If I’m currently living in a house with 3 other tenants but 1 of them has threatened me, is there a way to break the lease so that I can leave?

We have signed a year lease but 2 nights ago, 1 of the tenants threatened me stating she was going to snatch me up by my throat and stab me in my sleep. I don’t feel comfortable living here anymore and would like to leave.

Asked on January 19, 2013 under Real Estate Law, California

Answers:

FreeAdvice Contributing Attorney / FreeAdvice Contributing Attorney

Answered 7 years ago | Contributor

Unless the presumed written lease that you have with the landlord has a written provision within it allowing you to cancel your lease without any legal recourse over the facts that you have written about, I do not see that you can do what you want.

I suggest that you consult with your landlord about a possible release from the lease that you are bound to or subleasing out the portion of the property that you rent to another person.

You should consider making a police report over what was said for your safety as well as to consider getting a restraining order against the threatening roommate.

SJZ, Member, New York Bar / FreeAdvice Contributing Attorney

Answered 7 years ago | Contributor

It is understandable why you would want to leave. Unfortunately, your roommate's or co-tenant's threats do not give you the right to terminate your lease early without penalty. The lease is a contract between you and the landlord; your obligations to the landlord are not affected by the criminal actions or threats  of other people, including a fellow tenant. If you leave or break the lease early, the landlord could withhold your security deposit; sue you for any amounts you owe for the remainder of the lease, if those amounts are in excess of your deposit; you could potentially be sued by your fellow tenants for your share of the rent, if they pay it for you to avoid eviction; and your credit rating could be damaged. This is more of a police matter--a threat against your life--then a landlord-tenant matter.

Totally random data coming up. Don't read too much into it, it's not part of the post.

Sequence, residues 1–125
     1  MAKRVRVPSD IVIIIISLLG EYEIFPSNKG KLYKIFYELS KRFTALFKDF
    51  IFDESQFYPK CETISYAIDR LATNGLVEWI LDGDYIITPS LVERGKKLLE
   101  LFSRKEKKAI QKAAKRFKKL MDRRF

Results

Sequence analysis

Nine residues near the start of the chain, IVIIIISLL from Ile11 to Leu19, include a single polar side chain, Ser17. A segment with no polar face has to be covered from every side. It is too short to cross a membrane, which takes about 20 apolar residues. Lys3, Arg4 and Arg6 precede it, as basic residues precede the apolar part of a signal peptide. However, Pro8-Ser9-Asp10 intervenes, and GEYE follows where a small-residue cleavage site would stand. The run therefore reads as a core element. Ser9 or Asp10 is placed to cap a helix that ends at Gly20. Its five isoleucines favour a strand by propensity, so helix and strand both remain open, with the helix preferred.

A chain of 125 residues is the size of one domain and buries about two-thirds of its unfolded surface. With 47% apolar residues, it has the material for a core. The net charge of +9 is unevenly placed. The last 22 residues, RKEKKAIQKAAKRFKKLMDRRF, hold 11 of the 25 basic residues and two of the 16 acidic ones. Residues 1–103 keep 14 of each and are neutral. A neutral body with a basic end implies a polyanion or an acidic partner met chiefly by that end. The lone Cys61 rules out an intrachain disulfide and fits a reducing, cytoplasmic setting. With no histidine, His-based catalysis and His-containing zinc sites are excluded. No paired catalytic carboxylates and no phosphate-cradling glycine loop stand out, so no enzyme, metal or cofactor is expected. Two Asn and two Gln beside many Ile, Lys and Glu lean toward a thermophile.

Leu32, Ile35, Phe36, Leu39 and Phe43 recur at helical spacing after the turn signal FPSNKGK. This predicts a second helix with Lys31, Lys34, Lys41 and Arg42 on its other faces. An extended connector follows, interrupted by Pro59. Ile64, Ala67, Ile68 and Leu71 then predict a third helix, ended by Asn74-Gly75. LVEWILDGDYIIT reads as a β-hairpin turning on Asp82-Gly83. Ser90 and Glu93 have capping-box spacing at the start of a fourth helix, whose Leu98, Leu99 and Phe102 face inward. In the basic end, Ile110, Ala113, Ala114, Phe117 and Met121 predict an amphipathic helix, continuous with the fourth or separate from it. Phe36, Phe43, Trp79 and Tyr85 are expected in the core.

IMPORTANT NOTICE: The Answer(s) provided above are for general information only. The attorney providing the answer was not serving as the attorney for the person submitting the question or in any attorney-client relationship with such person. Laws may vary from state to state, and sometimes change. Tiny variations in the facts, or a fact not set forth in a question, often can change a legal outcome or an attorney's conclusion. Although AttorneyPages.com has verified the attorney was admitted to practice law in at least one jurisdiction, he or she may not be authorized to practice law in the jurisdiction referred to in the question, nor is he or she necessarily experienced in the area of the law involved. Unlike the information in the Answer(s) above, upon which you should NOT rely, for personal advice you can rely upon we suggest you retain an attorney to represent you.